The city council of Washington, D.C. unanimously voted to approve a 100% renewable energy mandate by 2032, which would put the federal district a the faster path than any U.S. state to achieve the ambitious clean energy goal.
The "Clean Energy DC Omnibus Amendment Act of 2018" would increase fees on fossil fuel resources, set up building energy efficiency standards, establish vehicle electrification incentives and strengthen low-income bill programs. The "biggest question" going into the vote was how utility ownership of generation assets would be defined in the bill, Mike Healy, CEO of New Columbia Solar, told Utility Dive.
- The bill carves out a solar mandate requiring 10% of the district's electricity come from local solar generation by 2041, while the rest of the city's power would come from purchased renewable energy credits (RECs). The District has used RECs to meet previous clean energy goals, and solar within the District currently makes up just over 1% of generation, according to Healy.
The D.C. bill would set a 100% renewable energy goal sooner than other states, including New York's 100% carbon-free by 2040 goal, pledged Monday, and Washington state's 100% clean energy by 2045, pledged the week before.
"The 100% clean, renewable energy requirement by 2032 is nearly a decade sooner than any other state in the country and is what we need to do from a climate protection perspective," Mark Kresowik, eastern region deputy director of the Sierra Club's Beyond Coal campaign, told Utility Dive Tuesday.
Before the bill was approved, a last minute amendment was added to clarify language prohibiting utility Pepco from owning clean energy assets, including energy storage, which stakeholders worried could deter private investment.
"Enabling the utility and [its parent] Exelon to actually own assets seems like it's taking a step backwards because it will delay or potentially prohibit the investment in solar and storage and new clean technologies from the private sector, but also enable Exelon to rate businesses," Healy told Utility Dive before the vote.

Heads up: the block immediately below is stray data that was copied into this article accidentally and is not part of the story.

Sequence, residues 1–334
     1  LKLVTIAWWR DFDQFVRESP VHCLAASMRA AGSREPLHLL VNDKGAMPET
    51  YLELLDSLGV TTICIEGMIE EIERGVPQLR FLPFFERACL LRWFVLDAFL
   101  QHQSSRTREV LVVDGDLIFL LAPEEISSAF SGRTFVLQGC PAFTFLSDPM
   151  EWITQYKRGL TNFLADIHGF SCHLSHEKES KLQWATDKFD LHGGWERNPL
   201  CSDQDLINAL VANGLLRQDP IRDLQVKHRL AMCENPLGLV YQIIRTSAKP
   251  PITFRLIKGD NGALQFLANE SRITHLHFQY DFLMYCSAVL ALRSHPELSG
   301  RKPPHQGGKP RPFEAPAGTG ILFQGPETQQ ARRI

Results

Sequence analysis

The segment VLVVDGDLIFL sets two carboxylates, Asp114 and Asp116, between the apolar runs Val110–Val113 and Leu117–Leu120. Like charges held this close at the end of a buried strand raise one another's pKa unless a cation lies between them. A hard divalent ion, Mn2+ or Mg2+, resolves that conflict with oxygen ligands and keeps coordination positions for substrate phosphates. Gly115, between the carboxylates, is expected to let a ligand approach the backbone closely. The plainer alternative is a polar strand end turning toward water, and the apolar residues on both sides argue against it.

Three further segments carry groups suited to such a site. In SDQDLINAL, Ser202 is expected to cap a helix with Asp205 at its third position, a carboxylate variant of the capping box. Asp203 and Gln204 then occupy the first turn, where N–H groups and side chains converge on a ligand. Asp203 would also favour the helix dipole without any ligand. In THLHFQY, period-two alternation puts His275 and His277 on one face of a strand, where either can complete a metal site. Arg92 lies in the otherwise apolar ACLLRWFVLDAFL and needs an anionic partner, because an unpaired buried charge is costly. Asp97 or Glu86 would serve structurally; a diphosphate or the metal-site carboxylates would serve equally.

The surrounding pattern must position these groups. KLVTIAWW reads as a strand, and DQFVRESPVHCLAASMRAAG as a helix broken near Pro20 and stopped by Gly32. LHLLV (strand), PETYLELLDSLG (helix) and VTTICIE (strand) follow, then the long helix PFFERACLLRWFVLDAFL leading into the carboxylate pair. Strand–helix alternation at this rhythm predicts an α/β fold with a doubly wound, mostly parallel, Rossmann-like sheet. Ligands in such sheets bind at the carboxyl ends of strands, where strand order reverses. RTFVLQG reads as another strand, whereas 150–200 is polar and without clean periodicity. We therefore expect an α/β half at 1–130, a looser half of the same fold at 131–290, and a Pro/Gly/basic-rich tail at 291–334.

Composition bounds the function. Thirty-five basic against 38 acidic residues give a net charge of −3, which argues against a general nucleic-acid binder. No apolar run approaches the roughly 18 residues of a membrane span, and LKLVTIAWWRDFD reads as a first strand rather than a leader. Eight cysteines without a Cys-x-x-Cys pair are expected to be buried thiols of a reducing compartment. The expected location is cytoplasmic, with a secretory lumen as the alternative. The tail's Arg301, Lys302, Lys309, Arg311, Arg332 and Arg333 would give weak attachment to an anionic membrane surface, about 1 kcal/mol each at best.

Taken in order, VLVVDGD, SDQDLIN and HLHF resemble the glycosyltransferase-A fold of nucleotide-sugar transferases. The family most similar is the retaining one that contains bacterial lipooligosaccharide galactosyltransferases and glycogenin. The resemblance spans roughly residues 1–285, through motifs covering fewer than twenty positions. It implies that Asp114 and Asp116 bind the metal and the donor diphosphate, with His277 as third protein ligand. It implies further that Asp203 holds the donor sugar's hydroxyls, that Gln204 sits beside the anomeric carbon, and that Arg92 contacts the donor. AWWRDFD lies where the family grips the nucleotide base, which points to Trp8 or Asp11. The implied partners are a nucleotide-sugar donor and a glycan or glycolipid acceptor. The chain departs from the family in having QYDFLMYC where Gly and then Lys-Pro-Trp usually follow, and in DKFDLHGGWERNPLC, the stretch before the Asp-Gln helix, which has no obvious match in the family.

Outside of the solar carve-out, the new law also mandates the rest of D.C.'s power come from the PJM electricity market. That's "a change and an improvement on D.C.'s previous policy," which had included adjacent states, said Kresowik, who worked closely on the clean energy bill.
The bill also addresses affordable housing issues and passes an energy efficiency standard for existing large buildings that is "the first in the nation … and will save tenants and businesses lots of money as it moves forward," according to Kresowik.
Cheap solar installations will be used to combat the problem affordable housing and address the "23,000 residents in the District of Columbia that cannot pay for their electricity 12 months of the year," said Healy.
The bill was passed the same day nine Northeast states and the District of Columbia agreed on a regional greenhouse gas emission cap on transportation, a "perfect example" of states and cities stepping up "in the face of rollbacks of public health and environmental protections at the federal level," said Kresowik.
Mayor Muriel Bowser can now sign the measure, veto it, or let it become law without her signature, though the unanimous vote of the 13-member Council means it could override a veto.